Czech economy has made a great progress in the last two decades, however unpleasant the GDP numbers look like in the last year or two. Since the collapse of Communism in 1989, the Czech GDP jumped from around USD 2,000 per capita to nearly USD 20,000 now. In other words, some 10 times more in nominal terms!
At the same time, Czech Republic's public debt increased from around 10-15% of GDP at the beginning of 1990's to 45% now.
There have been many discussions about who deserves the credit, or who's fault it is. It's politics, so most debates and outcomes are heavily affected by what camp you belong to...
Well, having the data in our database and playing with numbers for two decades now, we decided to bend the statistics too. Without going into much details, here are the "winners an losers" of our exercise about "The Best/Luckiest Czech Republic's Prime Minister Of The Last Two Decades":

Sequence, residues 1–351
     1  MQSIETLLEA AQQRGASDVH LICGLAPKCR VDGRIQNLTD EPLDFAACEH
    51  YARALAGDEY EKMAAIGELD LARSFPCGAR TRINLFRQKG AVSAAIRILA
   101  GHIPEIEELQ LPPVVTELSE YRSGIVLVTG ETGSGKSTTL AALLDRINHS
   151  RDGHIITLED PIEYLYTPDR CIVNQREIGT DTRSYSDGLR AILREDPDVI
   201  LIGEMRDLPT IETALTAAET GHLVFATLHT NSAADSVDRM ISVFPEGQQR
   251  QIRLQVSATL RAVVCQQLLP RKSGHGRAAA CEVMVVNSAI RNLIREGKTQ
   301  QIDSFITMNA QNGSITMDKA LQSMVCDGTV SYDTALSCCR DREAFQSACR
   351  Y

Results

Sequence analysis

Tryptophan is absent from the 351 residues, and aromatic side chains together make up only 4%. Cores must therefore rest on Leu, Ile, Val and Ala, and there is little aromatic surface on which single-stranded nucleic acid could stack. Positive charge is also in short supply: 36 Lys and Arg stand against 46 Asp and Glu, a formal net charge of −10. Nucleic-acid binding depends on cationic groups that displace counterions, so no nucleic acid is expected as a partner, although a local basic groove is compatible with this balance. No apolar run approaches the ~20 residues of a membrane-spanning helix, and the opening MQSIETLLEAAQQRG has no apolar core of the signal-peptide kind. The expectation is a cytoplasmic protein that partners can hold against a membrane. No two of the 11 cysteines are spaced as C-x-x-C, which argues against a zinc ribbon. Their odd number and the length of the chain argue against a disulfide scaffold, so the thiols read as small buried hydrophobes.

1. Václav Klaus - despite rising GDP per capita by "only" USD 524 a year and leaving a plenty of hidden losses such as from bankrupt state banks, his Government had to deal with the most difficult internal and external environment
2. Mirek Topolánek - the biggest increase in GDP thanks heavily to strong global markets. Corruption and lack of public finance reform on the negative side
3. Jiří Paroubek - strong GDP growth within his one year premiership, so more a luck rather than a well-deserved hard work
On the other hand, here are the biggest "losers" of our exercise:
1. Jan Fischer - thanks mainly to weak performance of the economy and legacy of further debts (such as from solar subsidies).
2. Petr Nečas - for weak performance of the economy and a complete failure of his Government's reforms. The latter should be underlined twice given the fact he started his Government with the biggest parliamentary majority in the history of the Czech Republic